There is no hard and fast definition or set of guidelines for a microsanctuary. Of course, speaking in purely quantitative terms, a microsanctuary has a comparatively small footprint when juxtaposed with a large sanctuary or even a large farm. And the number of sanctuary residents would be much lower as well.
Beyond that, microsanctuary is as much a state of mind, a perspective on the world and our place as rescuers and caregivers, as it is about property lines and resident numbers.
A microsanctuary starts from the premise that our space and our resources, no matter how limited, often are still sufficient for us to provide sanctuary to individual farmed animals in order to prevent them from ever again being used as commodities.
A microsanctuary can be any space run by a vegan that is home to rescued animals and emphasizes their health and happiness. So someone with a rescued house rooster is just as much a sanctuary (by virtue of being a microsanctuary) as a million-dollar non-profit with hundreds of acres and hundreds of animals. By throwing out that ideal, individuals can begin to think honestly about what sanctuary means for the residents and the caregivers.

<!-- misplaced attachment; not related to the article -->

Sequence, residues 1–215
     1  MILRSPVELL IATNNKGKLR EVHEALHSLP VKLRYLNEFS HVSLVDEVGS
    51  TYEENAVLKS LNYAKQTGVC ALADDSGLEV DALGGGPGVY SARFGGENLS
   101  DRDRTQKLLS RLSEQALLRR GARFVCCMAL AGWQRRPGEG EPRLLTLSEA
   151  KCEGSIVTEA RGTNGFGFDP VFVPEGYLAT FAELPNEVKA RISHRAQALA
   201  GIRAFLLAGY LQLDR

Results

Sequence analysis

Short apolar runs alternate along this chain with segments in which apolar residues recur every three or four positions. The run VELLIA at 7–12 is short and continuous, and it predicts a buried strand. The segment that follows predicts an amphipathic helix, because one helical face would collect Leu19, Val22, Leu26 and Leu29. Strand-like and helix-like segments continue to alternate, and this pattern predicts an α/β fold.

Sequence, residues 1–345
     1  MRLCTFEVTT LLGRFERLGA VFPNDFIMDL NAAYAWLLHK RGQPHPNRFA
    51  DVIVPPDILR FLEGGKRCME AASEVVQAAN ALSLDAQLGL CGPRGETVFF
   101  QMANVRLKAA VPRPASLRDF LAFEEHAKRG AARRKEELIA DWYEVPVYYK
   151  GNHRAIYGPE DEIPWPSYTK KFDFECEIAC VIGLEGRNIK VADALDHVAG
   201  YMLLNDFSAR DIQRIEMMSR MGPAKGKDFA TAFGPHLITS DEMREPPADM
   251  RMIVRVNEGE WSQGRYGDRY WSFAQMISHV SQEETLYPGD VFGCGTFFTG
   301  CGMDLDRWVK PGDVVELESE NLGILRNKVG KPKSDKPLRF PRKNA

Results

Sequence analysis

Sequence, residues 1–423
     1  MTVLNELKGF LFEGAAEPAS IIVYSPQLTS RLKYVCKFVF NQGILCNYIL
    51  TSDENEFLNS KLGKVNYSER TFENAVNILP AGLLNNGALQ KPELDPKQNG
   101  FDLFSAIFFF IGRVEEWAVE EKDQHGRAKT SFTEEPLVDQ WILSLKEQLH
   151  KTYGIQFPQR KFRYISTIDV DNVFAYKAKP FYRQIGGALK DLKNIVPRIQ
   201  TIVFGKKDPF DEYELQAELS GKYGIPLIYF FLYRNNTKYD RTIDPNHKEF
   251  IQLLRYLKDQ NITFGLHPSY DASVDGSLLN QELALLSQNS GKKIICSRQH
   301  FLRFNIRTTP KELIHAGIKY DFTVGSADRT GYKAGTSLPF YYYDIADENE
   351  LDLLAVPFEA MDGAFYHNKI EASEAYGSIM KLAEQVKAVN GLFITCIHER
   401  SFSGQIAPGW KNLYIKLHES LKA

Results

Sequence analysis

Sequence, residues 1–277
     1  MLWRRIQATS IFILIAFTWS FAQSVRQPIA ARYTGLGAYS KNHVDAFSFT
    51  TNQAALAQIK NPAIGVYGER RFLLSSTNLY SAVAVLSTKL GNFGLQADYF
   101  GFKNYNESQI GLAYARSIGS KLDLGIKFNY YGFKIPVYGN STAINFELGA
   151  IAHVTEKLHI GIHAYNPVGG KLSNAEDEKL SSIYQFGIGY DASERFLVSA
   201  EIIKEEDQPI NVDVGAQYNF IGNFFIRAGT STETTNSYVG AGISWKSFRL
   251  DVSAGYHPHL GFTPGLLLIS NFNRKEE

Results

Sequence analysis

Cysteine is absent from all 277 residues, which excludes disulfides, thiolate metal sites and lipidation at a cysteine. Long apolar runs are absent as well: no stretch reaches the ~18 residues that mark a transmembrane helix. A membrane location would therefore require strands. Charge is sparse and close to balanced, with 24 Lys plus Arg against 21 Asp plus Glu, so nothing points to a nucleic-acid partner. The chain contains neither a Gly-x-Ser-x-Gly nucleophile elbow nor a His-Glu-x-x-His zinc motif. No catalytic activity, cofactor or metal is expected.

This sense of dedication to the service of rescued farmed animals, as a way to end (and help ameliorate in some way) their exploitation, is what lies at the heart of sanctuary—and on an individual level truly defines a microsanctuary.